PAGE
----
The moderate approach does not forsake the alternative of occupational resistance.  Nor does it call for the submission to dominant world powers that are fighting against peoples” independence.  Subservience has never led but to the negligence and loss of rights. 


  1. Gradual Change Rather Than Making Leaps


Carrying out reform gradually is a distinctive characteristic of the moderate trend and is a fundamental aspect of the Islamic methodology in tackling current issues.  This is because changing the status quo from a state of heavy lagging tothat which is lively and saturated with sound religious and modern values, requires two important matters:


          Gradual transfer towards the desirable values without interruptions or bumps.

          And the maintenance of balance between modern and Islamic values, so that our identity and civilization are not lost.


All reformist movements which rushed the process of change, and resorted to means that conflicted with the logic of gradualness by skipping phases and leaping over reality, ended in failure which proves that true power is not the mere domination over people, but rather their persuasion and winning of their hearts.


  1. Resolving Conflicts Within Societies Without the Outbreak of Violence

Both extremism and excessiveness have negative and proportionate effects on both the individual and society through the stir up of violence and different conflicts.


          At the individual level, the extremist becomes unstable and is in disaccord with his self, while the moderate is reconciled and at peace with his self as well as stable which leads him to be more inclined towards adopting peaceful means for resolving conflicts and less inclined towards violent means.

          At the collective level, moderateness helps to prevent conflicts as well as resolve and overcome them with the least losses.  Similarly, it helps to contain collective extremist behavior which is often destructive.  Moreover, it has a social, economic, and political benefit of spreading reassurance, improving effectiveness, and increasing enthusiasm for work and production, as well as strengthening the trust between workers by facilitating negotiations, compromises, and the formation of agreeable solutions to problems.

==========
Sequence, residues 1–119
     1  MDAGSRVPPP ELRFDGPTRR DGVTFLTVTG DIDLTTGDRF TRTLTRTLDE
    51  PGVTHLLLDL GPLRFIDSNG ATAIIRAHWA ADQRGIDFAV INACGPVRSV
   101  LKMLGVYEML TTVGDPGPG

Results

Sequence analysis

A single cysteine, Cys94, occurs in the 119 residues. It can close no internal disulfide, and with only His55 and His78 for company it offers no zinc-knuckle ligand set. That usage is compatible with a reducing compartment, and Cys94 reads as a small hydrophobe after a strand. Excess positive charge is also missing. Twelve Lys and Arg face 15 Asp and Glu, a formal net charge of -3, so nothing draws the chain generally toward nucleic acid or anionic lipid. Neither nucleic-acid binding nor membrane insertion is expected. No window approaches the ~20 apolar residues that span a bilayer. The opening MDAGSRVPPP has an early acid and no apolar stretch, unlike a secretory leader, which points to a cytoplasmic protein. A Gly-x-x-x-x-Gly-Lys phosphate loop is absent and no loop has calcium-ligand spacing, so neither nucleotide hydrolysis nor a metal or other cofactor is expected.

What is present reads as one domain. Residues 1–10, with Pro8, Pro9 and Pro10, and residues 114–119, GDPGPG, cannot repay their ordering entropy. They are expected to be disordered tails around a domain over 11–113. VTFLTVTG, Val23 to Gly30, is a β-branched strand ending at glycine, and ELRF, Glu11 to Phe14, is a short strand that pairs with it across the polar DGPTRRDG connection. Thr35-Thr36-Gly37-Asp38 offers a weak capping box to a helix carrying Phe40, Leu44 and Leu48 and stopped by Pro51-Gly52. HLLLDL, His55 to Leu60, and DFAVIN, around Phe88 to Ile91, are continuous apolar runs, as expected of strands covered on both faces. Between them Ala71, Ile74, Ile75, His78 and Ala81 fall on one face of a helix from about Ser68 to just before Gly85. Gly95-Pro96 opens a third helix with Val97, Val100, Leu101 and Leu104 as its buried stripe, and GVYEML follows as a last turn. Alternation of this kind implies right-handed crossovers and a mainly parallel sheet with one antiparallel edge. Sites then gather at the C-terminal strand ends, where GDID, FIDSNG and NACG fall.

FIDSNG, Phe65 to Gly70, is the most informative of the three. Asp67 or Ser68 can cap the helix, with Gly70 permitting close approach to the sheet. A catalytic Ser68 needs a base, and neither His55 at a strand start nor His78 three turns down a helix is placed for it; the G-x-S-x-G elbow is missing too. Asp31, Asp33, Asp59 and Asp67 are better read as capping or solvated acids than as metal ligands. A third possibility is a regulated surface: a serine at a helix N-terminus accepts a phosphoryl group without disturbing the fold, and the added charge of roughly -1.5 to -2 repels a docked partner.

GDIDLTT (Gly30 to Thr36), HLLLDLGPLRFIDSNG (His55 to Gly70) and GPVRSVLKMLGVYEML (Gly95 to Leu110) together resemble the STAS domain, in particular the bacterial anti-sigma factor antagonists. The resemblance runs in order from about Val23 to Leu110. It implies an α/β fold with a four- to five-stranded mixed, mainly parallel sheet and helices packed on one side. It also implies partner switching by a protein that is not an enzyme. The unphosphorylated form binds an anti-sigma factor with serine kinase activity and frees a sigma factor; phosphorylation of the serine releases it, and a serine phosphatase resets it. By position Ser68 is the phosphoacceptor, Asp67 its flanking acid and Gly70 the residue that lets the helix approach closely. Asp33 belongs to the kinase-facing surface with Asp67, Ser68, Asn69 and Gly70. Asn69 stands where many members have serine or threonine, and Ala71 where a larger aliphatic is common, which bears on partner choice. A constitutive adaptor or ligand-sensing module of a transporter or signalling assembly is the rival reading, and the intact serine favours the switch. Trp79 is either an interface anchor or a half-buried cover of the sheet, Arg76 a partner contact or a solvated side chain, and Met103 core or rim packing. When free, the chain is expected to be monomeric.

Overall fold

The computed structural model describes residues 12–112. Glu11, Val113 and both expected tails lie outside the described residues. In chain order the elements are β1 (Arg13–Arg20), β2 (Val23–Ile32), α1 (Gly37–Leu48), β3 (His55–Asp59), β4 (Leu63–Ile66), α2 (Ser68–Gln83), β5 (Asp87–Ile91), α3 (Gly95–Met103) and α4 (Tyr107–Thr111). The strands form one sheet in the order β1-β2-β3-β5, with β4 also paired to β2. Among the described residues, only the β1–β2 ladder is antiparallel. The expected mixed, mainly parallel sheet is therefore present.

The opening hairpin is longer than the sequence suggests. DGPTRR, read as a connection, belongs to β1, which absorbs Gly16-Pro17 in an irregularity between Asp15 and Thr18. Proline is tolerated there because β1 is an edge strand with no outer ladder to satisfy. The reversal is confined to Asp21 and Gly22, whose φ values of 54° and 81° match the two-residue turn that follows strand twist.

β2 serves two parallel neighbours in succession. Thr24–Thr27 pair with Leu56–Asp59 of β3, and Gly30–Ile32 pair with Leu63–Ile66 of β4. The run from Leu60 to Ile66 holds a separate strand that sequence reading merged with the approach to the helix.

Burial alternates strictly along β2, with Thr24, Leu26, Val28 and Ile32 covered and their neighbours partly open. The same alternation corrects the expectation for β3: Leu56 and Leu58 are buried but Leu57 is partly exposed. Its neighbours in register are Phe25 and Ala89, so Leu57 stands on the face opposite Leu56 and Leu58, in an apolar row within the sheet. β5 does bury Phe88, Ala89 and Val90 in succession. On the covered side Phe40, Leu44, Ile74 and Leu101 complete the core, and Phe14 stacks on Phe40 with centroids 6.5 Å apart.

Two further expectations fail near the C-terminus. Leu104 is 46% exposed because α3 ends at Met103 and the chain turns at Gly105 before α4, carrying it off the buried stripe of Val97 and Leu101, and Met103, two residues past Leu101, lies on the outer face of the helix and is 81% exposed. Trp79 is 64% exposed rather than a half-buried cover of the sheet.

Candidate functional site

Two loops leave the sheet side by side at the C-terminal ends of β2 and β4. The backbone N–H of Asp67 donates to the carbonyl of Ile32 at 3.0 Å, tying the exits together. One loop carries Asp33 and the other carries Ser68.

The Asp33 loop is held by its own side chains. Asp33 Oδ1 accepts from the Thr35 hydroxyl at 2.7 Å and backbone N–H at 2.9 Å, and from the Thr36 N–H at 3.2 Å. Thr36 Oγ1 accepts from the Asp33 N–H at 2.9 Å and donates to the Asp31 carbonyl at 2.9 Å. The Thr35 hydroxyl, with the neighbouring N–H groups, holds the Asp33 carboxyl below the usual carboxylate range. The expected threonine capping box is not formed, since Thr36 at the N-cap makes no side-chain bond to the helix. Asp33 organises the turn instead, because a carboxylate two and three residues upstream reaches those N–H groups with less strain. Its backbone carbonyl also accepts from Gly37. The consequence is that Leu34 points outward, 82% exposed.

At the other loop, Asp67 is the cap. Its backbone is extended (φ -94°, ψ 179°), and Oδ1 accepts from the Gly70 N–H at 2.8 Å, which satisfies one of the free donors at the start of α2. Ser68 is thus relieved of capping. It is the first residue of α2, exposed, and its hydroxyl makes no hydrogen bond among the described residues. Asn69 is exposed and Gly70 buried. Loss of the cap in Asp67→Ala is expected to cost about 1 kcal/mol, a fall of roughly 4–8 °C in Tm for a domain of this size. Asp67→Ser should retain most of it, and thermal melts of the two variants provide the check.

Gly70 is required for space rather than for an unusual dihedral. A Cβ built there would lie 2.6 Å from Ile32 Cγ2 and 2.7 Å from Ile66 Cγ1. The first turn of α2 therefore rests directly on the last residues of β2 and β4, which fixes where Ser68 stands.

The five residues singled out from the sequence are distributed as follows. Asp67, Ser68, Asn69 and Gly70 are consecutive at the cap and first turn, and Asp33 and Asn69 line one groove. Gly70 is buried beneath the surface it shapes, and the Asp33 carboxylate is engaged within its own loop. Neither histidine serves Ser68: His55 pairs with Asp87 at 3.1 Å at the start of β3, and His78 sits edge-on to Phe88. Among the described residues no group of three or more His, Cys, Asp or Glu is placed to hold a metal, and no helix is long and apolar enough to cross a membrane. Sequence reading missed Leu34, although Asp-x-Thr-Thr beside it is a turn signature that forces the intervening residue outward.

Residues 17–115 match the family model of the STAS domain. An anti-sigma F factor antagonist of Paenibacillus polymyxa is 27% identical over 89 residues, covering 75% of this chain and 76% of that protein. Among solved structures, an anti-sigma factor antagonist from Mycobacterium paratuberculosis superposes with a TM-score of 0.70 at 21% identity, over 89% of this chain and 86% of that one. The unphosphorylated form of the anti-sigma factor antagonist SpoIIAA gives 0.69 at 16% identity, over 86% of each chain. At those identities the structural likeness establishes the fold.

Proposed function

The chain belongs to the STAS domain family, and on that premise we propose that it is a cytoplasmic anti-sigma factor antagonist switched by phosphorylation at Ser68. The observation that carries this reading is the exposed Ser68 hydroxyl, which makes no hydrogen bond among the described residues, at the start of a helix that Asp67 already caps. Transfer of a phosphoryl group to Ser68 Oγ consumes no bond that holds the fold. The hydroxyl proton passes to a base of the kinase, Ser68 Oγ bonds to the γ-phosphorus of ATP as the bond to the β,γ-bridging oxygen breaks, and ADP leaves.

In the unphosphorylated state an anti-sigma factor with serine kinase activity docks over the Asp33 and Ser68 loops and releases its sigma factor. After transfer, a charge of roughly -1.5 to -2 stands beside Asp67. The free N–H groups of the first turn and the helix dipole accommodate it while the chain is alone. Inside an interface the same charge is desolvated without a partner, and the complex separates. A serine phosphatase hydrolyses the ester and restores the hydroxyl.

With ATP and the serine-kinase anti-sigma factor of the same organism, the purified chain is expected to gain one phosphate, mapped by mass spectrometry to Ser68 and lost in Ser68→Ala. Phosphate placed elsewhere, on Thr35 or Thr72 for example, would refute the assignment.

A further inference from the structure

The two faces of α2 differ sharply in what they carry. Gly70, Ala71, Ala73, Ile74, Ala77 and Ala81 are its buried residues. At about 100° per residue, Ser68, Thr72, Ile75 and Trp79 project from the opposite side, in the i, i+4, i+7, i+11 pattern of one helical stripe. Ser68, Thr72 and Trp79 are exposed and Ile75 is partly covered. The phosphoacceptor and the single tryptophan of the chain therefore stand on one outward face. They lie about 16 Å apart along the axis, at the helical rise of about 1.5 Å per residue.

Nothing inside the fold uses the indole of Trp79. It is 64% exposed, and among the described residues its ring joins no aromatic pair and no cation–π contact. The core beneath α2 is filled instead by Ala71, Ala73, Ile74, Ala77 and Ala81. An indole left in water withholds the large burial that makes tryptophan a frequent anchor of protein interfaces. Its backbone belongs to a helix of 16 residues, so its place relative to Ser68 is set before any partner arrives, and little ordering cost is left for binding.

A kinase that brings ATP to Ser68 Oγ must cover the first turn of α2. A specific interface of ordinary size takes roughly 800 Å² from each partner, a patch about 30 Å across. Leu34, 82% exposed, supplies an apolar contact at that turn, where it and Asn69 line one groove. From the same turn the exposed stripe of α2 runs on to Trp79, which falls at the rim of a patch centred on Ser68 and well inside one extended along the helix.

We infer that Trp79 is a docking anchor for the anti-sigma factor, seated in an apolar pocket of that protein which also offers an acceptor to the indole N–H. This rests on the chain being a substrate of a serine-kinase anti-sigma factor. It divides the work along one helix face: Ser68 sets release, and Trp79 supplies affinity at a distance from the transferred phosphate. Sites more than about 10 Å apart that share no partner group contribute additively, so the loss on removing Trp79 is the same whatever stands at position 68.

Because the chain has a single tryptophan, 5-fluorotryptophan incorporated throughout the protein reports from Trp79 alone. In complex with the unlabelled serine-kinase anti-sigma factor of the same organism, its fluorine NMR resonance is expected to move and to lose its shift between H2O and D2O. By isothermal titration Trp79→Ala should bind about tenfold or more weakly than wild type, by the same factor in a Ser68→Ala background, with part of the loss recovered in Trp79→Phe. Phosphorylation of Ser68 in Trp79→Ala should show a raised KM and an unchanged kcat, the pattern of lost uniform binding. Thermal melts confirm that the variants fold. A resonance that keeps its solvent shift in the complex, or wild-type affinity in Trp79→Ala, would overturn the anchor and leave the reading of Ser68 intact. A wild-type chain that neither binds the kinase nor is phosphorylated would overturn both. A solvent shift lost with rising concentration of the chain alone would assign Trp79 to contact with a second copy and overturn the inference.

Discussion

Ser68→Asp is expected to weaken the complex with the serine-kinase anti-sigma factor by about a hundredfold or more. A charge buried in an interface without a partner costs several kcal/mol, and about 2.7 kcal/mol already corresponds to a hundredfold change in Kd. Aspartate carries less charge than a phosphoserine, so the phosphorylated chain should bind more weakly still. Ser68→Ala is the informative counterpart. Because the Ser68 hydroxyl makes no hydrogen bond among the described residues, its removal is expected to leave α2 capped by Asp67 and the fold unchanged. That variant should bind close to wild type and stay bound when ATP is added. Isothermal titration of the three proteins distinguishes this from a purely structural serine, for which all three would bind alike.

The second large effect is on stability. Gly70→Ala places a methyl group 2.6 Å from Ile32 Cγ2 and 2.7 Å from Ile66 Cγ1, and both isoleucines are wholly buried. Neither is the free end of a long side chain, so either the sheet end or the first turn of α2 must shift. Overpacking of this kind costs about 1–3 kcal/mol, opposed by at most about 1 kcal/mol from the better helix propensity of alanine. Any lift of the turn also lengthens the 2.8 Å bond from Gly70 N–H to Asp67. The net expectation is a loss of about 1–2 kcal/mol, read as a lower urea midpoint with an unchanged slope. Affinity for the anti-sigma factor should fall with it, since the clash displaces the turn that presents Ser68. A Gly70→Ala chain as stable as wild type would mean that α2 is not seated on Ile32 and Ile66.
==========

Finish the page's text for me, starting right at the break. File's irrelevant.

Deviance from moderateness can be reflected at the different levels and through the different forms of human society causing disturbances and sowing the seeds of turmoil and fear. This, in turn could trigger reactions that could grow sharper, more extreme, and often more violent. 


In the end, it is not our purpose here to list and explore all the positive effects of moderateness at the social and political levels.  What is important, though, is that we realize the need of this age and the Islamic nation for moderateness for its uplift and development because there can be no development without stability, and there can be no stability without moderateness.  Thus, it is among the duties of Muslims today to bring into view the moderateness of Islam for the sake of guiding Islamic understanding and practice, and in order to fix the many distortions related to them.




This article is a paper by Dr.  Sa”d el-Din el-Othmany, Head of the National Council for the Moroccan Justice and Development Party, which he presented in the lecture titled “Moderateness in the Methodology and Ideology of Islamic Parties” that was organized by the Center for Studies of Islam and the Modern World in Khartoum on Sunday 10/8/2008 on the occasion of his attendance in the General Conference for the Sudanese Islamic Movement that was held on August 10-12, 2008 and which was attended by a number of delegates from movements and parties that use Islam as their reference point as well as thinkers from Egypt, Palestine, Lebanon, Yemen, Thailand, Indonesia, Sri Lanka, Mauritania, Tunis, Albania, Tajikistan, Pakistan, Bangladesh, India, and other countries.